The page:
When it comes to launching an upmarket glossy, image is everything - but money means even more. "We woefully miscalculated the amount needed," confesses Tyler Brule, editorial director of Wallpaper, the scariest glossy of them all that was bought by the US publisher Time Inc on just its fifth issue.

To make your mark at the top end, you must also have the finest production quality from the outset. There is no time to evolve your title - the only way is down. Take the second coming of Punch, the satirical weekly which began as a smart, urbane, New Yorker, but now looks like a Private Eye- Viz hybrid - without the humour. If you can't find a new niche like Brule, you can always scan the newsagents to see what everyone else is doing - which currently means the Loaded/FHM lad-babe format. Front is the newest men's monthly hoping to lure a share of this apparently huge readership. But be warned: latching on to trends doesn't always work. Both GQ Active and Escape woefully misjudged the health and fitness obsession, and have breathed their last as monthlies.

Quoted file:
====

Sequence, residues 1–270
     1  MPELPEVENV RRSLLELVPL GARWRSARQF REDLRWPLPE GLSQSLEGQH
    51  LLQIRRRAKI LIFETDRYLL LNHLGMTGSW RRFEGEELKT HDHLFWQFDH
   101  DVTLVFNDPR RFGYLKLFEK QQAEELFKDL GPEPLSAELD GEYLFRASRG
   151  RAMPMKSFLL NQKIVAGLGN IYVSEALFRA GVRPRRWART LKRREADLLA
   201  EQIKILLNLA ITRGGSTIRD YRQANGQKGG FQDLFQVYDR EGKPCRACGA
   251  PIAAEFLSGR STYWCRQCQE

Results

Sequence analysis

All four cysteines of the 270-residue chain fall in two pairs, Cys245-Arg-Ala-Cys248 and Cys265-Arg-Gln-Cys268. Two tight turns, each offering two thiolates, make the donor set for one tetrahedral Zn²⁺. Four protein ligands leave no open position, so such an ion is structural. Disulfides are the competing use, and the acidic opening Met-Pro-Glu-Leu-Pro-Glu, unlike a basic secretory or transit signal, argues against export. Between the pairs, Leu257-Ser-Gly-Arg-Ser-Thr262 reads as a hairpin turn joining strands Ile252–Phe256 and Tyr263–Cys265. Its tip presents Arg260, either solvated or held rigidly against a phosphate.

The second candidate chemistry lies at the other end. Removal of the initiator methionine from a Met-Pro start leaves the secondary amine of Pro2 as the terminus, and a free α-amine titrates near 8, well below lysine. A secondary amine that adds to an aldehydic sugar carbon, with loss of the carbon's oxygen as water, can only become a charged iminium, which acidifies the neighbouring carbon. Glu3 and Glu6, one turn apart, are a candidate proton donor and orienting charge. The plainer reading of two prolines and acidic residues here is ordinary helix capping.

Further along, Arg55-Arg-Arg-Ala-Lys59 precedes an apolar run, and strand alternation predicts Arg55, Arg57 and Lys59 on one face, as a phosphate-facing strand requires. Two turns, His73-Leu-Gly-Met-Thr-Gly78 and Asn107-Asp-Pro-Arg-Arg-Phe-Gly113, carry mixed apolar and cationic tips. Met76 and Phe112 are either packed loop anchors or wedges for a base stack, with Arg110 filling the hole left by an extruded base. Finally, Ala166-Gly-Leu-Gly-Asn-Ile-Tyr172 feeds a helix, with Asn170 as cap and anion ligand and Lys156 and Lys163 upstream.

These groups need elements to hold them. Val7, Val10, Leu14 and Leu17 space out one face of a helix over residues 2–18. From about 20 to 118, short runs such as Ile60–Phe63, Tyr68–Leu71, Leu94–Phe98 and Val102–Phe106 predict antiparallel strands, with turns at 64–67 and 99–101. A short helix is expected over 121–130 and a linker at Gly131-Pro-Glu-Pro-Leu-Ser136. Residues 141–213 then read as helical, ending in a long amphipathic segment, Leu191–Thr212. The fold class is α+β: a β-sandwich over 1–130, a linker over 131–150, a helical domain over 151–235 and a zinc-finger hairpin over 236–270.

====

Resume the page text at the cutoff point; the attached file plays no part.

Production Printing and colour reproduction per annum, pounds 1.2m; high-gloss paper per annum, pounds 1.2m; nine computers, pounds 32,000; network installation, pounds 4,000; scanner, pounds 800; printer, pounds 5,000

Annual salaries For three production and seven editorial staff, pounds 215,000; travel, pounds 40,000

Publicity Billboards and print advertising, pounds 1m; television campaign, pounds 2.5m; free cover-mounted health video, pounds 150,000; venue for glittering launch party, pounds 1,500; party food and drink for 60, pounds 720

Office expenses Annual rent for outer London, pounds 18,000; annual courier services, pounds 15,000; furniture and stationery, pounds 8,000; telephone network, pounds 4,776

Total expenditure: pounds 6,394,796

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